Calculate the Energy!
Days Needed less than 1
Grade level 9 - 12
Students will review what has been
learned so far about the basic structure of an atom.
Students will then calculate the energy differences in different
energy states of the Bohr atom of Hydrogen. They will then compare
these energy levels with observed Hydrogen lines in a laboratory spectrum.
Science and Math Standards
|Content Standard 2:
- Mathematics as Communications
|Content Standard A:
- Evidence, models, and explanation
|Content Standard 4:
- Mathematics as Connections
|Content Standard C:|
- Structure of atoms
Math Students should be familiar with basic algebra.
Science Students should understand the structure of
atoms and the relationship between energy and light, and how atoms emit
Students should have read the background sections on the Properties of Light and
Atoms and Light Energy.
We can use tools like the periodic table of elements
to figure out exactly how many protons, neutrons, and electrons at atom has.
Understanding the structure and function of an atom is very important in
understanding spectroscopy. Spectroscopy is one of the most useful
tools for unlocking the mysteries of supernovae and their remnants.
Edible Subatomic Particles -
large plastic easter eggs, enough for one per student, or one per group.
gumballs or m&ms of two different colors
ping pong balls (same amount as easter eggs)
1. A large plastic egg (atom) is given, one per person - each egg
contains a split ping pong ball (nucleus) with a set number of either
gumballs or m&m type candies (neutrons and protons) inside. Be sure
to use different colors for protons and neutrons. Put smaller hard
candy (like tic tacs, for instance) in the egg, but so they can move
freely around the ping pong ball. They will be the electrons. Make
sure there are the same amount of protons as electrons (unless you
want an ionized atom!) You may want to give each student an "atom" of
a different "element" by varying the number of sub-atomic particles in
each students egg.
2. Without opening the egg, and using the scientific method, have
the students determine the components within: number, size,
movement, weight/mass, sound.
3. Have the students open the eggs - now report on the contents
specifically as to number and size only. Can the student deduce what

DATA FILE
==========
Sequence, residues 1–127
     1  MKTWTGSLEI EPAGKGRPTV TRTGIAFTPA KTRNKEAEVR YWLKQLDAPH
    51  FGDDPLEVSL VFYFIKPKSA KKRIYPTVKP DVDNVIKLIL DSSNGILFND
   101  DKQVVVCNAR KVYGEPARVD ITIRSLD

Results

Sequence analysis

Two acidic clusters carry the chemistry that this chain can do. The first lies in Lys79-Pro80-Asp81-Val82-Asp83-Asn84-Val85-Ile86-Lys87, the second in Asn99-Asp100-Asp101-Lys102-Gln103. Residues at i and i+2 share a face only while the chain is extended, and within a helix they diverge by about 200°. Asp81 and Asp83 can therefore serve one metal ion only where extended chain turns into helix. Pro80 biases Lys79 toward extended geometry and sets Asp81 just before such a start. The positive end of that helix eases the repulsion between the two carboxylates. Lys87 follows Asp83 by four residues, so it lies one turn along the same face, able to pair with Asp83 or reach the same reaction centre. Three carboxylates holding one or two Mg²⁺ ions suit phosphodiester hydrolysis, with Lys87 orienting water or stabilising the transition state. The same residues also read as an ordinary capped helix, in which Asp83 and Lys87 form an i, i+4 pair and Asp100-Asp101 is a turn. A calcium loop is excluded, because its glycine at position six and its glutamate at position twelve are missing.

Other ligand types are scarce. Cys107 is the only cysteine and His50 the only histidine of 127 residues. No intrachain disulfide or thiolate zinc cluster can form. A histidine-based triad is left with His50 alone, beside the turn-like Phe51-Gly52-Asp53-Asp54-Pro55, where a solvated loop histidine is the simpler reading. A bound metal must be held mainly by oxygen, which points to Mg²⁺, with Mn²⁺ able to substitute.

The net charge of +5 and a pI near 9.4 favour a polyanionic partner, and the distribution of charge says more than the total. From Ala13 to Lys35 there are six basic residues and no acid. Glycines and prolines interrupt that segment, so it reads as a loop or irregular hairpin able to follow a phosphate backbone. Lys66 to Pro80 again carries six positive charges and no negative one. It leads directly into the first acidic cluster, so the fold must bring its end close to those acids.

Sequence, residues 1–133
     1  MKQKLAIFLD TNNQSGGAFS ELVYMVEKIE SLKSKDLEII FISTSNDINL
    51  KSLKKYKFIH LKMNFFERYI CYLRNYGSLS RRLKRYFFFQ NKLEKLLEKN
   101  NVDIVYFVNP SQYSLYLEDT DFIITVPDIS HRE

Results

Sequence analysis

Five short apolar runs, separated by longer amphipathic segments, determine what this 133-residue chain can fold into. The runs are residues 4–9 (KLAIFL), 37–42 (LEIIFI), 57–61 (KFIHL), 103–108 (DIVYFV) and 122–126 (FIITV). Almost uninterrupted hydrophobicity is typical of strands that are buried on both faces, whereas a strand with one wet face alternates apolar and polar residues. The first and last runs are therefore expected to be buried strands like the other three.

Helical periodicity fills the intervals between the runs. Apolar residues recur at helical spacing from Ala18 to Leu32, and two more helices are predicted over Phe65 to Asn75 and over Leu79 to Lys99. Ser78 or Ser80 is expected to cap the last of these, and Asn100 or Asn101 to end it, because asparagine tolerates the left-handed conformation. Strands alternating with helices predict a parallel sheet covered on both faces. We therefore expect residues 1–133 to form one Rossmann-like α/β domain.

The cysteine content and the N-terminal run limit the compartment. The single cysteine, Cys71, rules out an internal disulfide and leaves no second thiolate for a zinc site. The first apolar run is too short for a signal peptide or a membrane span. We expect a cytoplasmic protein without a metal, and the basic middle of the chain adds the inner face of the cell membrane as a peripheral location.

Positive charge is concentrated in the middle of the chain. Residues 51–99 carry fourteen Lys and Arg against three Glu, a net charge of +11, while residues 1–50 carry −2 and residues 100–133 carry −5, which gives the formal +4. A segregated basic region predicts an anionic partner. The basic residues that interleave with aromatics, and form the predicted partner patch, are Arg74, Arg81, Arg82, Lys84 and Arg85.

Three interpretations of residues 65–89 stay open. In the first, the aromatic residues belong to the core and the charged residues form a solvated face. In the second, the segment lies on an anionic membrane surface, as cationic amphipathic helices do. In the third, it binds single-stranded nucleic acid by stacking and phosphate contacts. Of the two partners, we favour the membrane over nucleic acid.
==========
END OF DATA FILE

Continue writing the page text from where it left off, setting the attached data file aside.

element they have an atom of? Make sure to point out that the electrons
are not in perfect orbits around the nucleus. Like real electrons, they
form a sort of electron cloud. Now is a good time to bring in
information about the quantum mechanical nature of the atom.
For example, originally, each electron orbital was pictured as having a
specific radius, much like a planetary orbit in the solar system. However,
the modern view
is not so simple. Though each orbital does have a precise energy, the
electron is now envisioned as being smeared out in an "electron cloud"
surrounding the nucleus.
Adapted from a lesson plan by Miriam Meade,
In the background section on "Atoms and Light Energy", the students should have
learned that there are many energy states within an atom. The class is now
going to calculate the energies differences between some of the different
levels the atom. This will tie directly in to the concept of a spectrum.
Print out the Student
Worksheet for the class. Have students eat remains of atom while completing
on the worksheet.
Students should show calculations of energy levels. These calculations and
answers to the questions on the Student Handout, as well as the closure
excercise, provide material for assessing the students' understanding of
the concept that energy transitions lead to emission of observed light at
Students should write a three minute paper describing how this excercise
explains line emission from atoms such as hydrogen.
Any number of materials could be substituted to create the "atoms":
corn kernals for protons, navy beans for neutrons, alfalfa seeds
poppy seeds or cake decorating sprinkles or small beads for electrons,
etc. If plastic eggs are out of season, a clear plastic ball that
come in two halves (available at craft or fabric stores) can be used.
Students can also weigh the individual constituents before the atom
is assembled. They should see that most of the mass of the atom is
made up of the protons and neutrons.
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